Does Frascati Come In Kegs?

In La Grolla, St. Paul gets a long overdue crowd-pleaser

The wine list too is a crowd-pleaser, though not a connoisseur-pleaser. While it's both woefully overpriced and rather unadventurous, it does indeed offer something familiar and something good in every single category, and, if you are acting as host at the table, it's really just T-ball to find something your guests will recognize and like. Personally, I prefer wine lists on the Solera model (everything unusual and unknown, everything wonderful, prices rock-bottom), or in the style of Chiang Mai Thai (critical darlings, artisanal rarities, prices rock-bottom). But if you've got a clientele that doesn't know too much about wine, a list like this is good enough, and, in its way, gracious.

It's odd for me to consider how much I liked La Grolla when on the whole and in each of its parts it is so much more of a crowd-pleaser than a critic-pleaser. But I assure you, for me to like a restaurant so much in spite of gnocchi that drive conversation inevitably toward the future of biodegradable adhesives, they must be doing something right.

They are. They're serving the one thing that straight A's in cooking school never can--the je ne sais quoi, the ambience, the feel, the verve of a real restaurant--and that, I think, is exactly what St. Paul needs if it's ever going to have a real restaurant scene. To have that, people have to feel relaxed and excited about going out, which, I am sad to report, a lot of people don't.

People-pleaser: Shari and Jon Emerson enjoy La Grolla's accessible upscale Italian dishes
Trish Lease
People-pleaser: Shari and Jon Emerson enjoy La Grolla's accessible upscale Italian dishes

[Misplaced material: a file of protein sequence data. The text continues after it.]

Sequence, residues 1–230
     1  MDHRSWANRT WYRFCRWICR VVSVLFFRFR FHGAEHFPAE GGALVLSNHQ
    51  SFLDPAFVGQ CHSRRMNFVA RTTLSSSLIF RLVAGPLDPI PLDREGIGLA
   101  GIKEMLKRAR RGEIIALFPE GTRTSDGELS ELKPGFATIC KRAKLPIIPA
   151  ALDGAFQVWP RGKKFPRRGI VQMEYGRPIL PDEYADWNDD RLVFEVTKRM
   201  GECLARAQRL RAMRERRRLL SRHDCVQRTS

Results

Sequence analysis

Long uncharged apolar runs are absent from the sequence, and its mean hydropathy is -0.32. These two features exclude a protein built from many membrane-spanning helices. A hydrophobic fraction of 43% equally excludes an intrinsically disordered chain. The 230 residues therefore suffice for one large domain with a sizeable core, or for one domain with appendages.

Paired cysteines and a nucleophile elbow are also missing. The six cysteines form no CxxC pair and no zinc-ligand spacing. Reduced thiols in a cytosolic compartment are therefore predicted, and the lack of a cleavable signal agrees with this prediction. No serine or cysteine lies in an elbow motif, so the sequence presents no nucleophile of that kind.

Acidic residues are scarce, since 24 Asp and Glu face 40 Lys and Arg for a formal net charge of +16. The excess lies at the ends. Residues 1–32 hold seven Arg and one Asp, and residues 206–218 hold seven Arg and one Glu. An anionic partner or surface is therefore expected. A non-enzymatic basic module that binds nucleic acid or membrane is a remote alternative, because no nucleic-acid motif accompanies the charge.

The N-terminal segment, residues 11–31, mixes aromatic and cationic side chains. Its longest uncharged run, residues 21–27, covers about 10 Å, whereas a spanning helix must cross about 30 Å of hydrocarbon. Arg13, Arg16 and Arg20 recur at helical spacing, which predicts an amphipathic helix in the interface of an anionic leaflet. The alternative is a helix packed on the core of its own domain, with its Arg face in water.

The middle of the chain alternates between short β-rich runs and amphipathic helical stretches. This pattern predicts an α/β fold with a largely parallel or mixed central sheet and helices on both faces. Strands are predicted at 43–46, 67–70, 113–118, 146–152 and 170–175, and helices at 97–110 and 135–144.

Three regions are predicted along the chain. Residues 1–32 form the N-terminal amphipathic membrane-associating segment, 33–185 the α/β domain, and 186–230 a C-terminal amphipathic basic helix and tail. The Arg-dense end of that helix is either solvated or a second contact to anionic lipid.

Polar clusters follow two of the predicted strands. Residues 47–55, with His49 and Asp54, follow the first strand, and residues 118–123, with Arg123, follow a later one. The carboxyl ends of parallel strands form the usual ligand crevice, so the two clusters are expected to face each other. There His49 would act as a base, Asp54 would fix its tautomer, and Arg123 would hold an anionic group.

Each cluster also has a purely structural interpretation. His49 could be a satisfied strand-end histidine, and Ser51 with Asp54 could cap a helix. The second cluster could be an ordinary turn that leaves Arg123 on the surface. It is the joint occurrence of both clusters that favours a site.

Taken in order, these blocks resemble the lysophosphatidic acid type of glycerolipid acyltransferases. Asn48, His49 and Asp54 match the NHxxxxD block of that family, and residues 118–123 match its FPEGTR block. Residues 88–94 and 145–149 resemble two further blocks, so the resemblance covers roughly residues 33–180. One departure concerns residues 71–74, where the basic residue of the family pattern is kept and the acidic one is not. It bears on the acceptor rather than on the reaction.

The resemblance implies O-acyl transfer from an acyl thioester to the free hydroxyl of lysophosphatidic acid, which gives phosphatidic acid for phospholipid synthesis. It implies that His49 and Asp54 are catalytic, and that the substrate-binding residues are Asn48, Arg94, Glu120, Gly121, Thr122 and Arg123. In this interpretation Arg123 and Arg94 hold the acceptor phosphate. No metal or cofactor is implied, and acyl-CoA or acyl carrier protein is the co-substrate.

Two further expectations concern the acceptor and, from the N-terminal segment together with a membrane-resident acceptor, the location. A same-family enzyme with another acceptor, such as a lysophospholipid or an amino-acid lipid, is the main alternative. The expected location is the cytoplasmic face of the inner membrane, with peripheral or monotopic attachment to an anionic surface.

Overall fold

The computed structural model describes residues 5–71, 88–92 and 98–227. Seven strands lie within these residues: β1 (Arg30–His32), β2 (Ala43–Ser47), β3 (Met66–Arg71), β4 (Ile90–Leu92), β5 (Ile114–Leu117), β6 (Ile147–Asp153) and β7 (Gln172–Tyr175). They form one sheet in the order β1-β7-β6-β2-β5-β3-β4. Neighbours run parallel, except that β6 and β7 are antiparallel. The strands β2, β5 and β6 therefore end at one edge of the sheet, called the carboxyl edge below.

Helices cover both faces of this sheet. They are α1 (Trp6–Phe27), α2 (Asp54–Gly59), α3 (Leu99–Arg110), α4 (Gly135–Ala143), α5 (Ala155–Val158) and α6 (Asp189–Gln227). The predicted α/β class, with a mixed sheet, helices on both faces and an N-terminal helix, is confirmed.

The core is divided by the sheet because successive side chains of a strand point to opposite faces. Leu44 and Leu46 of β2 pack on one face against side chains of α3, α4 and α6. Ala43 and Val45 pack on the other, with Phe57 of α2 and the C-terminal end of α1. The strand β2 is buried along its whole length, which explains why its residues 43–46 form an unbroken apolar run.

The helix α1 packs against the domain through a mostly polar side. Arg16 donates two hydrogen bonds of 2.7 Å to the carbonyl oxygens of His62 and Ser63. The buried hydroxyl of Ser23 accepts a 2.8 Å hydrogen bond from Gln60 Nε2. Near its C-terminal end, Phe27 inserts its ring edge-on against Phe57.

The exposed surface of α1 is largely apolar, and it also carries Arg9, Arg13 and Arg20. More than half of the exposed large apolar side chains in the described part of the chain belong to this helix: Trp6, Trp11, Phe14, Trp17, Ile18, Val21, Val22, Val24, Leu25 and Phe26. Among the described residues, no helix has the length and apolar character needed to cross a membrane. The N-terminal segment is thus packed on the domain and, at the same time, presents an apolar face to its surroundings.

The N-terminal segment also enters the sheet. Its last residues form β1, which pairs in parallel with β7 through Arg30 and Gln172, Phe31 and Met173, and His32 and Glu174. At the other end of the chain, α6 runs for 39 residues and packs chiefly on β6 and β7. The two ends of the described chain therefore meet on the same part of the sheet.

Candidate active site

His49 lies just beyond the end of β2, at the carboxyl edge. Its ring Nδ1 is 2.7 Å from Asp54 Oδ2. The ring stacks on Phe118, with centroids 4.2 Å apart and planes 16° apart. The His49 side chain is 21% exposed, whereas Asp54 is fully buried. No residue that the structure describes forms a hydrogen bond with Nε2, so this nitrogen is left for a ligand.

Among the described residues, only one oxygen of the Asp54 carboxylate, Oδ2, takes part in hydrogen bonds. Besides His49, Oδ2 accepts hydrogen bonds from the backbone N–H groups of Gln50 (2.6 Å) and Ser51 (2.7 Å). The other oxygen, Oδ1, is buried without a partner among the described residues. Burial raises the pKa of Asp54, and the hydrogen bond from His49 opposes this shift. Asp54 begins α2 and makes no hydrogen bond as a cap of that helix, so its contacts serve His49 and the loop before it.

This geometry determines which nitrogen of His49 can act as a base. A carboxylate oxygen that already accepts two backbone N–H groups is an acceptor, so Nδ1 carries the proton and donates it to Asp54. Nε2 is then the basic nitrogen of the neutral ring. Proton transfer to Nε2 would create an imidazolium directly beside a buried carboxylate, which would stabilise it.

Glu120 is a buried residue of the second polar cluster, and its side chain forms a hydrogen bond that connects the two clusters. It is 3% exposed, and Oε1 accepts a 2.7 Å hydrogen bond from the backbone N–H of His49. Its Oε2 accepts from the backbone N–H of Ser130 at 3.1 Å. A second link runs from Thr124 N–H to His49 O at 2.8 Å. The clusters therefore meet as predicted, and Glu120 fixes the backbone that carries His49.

Some of you might know that I talk a little bit about restaurants on the radio once a week, on KS95 on Thursday mornings, and as part of this I have gotten baskets of e-mails from people asking for restaurant recommendations, and the thing that has shocked me the most about these is the anxiety with which so many people regard fancy restaurants. They don't want to be frowned on for dressing wrong, they don't want to feel embarrassed about their inability to pronounce words in foreign languages, they don't want to be scared and intimidated.

At first, my reaction to this flood of anxiety was bafflement. First of all, there is no restaurant in Minnesota, not one, not a single one, anyhow, anywho, or anywhere, with a jacket-required policy. In fact, and sadly, there are only a very, very few restaurants where you might not be comfortable wearing the clothes you wore to paint the garage.

But over time, I have concluded that the facts about the restaurants around here are not always the issue. Sometimes the feelings about the restaurants are more important, and in this case, I think St. Paul needs about a dozen fun, nice, je ne sais quoi restaurants before it will ever have a real restaurant scene. I mean, eating out isn't supposed to be some pious experience where one goes and worships at the altar of correct cooking--and this I say as someone who is just crazy nuts for correct cooking. It's supposed to be fun, comfortable, cheery, hearty, and likable--just as it is here.

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